Cis-aconitic acid and isocitric acid participate in the tricarboxylic acid cycle. The tricarboxylic acid cycle is a common metabolic pathway for three major classes of nutrients (sugars, lipids and amino acids) in the human body and other aerobic organisms. In the tricarboxylic acid cycle, isocitrate can be catalyzed by isocitrate dehydrogenase, which is irreversible and is also the rate-limiting step in the tricarboxylic acid cycle (27). Compared with the model group, ZSBZ significantly decreased the contents of cis-aconitic acid and isocitric acid in the blood of rats, indicating that ZSBZ may promote tricarboxylic acid circulation, which is conducive to the processes of glycolysis and fat mobilization, so that it can quickly provide a portion of the energy for the contraction of large intestinal smooth muscle and promote the movement of the large intestine. Therefore, regulating tricarboxylic acid cycle metabolism is probably associated with the therapeutic effect of ZSBZ in constipation. Additionally, evidence has indicated that the tricarboxylic acid cycle was involved in the abnormal metabolism of colitis (28).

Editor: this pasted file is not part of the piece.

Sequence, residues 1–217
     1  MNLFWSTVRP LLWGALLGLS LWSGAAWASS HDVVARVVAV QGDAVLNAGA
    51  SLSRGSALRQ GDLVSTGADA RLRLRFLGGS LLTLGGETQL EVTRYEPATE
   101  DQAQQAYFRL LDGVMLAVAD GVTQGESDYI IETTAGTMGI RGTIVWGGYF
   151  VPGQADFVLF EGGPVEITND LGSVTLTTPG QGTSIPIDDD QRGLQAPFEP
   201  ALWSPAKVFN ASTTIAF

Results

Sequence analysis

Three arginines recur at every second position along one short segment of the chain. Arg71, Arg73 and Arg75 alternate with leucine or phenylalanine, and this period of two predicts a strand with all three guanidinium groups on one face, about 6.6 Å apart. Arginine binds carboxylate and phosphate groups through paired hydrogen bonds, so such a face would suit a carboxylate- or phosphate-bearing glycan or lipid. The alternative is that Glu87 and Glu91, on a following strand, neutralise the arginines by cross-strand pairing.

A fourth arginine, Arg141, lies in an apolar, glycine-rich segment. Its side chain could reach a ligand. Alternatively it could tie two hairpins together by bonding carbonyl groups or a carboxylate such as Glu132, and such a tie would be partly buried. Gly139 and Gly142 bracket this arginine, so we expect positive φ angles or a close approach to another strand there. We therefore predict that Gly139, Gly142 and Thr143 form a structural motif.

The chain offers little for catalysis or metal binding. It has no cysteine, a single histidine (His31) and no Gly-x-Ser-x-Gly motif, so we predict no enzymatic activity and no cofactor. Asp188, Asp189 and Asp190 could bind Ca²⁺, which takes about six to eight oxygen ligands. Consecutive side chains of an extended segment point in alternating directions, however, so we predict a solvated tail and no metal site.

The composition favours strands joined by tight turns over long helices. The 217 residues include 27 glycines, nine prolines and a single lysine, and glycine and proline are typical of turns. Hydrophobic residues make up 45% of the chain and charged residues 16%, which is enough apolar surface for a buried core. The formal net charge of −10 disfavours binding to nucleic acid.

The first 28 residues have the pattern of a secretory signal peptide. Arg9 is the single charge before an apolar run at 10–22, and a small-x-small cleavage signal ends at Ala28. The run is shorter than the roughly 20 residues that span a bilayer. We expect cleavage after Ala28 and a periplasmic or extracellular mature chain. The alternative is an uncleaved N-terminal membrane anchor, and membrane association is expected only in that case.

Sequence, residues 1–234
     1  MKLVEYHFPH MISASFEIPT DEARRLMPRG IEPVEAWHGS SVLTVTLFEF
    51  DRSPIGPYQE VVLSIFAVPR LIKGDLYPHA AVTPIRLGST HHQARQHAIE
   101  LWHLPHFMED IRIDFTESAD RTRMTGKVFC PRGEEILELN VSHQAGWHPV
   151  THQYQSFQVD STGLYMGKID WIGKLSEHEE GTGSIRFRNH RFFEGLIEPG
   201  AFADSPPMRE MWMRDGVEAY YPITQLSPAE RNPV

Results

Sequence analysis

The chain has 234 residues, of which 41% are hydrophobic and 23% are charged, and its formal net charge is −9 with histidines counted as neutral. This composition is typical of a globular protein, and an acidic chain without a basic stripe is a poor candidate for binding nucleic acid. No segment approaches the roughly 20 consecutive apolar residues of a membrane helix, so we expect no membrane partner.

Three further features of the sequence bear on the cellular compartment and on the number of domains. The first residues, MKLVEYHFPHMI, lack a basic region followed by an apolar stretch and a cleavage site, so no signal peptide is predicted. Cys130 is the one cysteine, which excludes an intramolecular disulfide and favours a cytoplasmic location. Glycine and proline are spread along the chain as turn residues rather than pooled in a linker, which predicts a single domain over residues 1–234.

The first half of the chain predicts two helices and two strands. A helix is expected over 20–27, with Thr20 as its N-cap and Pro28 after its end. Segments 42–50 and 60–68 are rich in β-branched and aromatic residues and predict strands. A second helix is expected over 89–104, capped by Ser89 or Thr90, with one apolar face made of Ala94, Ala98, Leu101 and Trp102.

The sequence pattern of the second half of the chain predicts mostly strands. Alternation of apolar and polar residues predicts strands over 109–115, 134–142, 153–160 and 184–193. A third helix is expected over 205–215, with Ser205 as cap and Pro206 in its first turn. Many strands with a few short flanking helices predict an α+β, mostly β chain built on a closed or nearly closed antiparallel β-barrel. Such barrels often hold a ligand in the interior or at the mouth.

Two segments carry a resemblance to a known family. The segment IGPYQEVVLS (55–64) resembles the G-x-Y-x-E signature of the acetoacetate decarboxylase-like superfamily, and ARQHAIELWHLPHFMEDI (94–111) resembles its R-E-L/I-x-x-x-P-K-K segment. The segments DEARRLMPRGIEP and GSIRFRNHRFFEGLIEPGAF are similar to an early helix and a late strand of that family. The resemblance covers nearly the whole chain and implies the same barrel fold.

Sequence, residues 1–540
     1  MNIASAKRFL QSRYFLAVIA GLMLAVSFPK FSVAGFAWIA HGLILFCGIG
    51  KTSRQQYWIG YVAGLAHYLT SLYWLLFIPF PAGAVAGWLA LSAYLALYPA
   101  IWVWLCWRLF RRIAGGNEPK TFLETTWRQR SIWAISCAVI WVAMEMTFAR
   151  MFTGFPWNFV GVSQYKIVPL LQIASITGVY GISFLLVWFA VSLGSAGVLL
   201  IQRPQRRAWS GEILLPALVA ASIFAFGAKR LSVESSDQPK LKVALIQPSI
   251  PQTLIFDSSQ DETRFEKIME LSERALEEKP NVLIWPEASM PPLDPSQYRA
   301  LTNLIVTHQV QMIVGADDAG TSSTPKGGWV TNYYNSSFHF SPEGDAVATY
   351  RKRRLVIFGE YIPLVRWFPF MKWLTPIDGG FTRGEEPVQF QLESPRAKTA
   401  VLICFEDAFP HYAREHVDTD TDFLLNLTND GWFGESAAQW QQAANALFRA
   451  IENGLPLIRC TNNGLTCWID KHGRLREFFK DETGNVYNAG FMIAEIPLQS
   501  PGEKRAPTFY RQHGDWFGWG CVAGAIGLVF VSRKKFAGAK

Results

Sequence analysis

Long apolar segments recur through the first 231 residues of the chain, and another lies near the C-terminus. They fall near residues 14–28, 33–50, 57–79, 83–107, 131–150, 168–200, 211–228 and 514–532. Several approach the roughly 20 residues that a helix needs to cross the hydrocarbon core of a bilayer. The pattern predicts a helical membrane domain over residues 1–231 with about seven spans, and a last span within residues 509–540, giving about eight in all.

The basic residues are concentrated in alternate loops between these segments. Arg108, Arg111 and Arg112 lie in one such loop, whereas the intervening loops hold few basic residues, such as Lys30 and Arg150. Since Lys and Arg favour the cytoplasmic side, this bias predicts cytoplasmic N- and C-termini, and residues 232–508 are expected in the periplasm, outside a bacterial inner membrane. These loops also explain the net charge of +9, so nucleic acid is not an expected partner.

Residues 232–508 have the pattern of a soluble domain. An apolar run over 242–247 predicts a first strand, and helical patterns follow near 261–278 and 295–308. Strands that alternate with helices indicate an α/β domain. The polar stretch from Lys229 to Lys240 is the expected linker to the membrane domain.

L-Arginine and L-proline participate in the metabolic pathways of proline and arginine. L-arginine (Arg) is a semiessential amino acid with many physiological functions. Studies have shown that arginine and its downstream metabolite proline can increase the diversity of intestinal flora in mice, thus fulfilling a protective role in intestinal inflammation (29). In this study, levels of L-arginine and L-proline were remarkably upregulated after ZSBZ treatment in constipated rats, making L-arginine and L-proline possible targets for the treatment of constipation. In addition to the above metabolic pathways, the ameliorative effect of ZSBZ on slow transit constipation is also related to arginine biosynthesis, glyoxylate and dicarboxylate metabolism and glycerophospholipid metabolism. These findings further indicate that the metabolic markers could be considered potential candidates for the treatment of constipation, although more clinical samples and pharmacological experiments are required to confirm the mechanism of ZSBZ.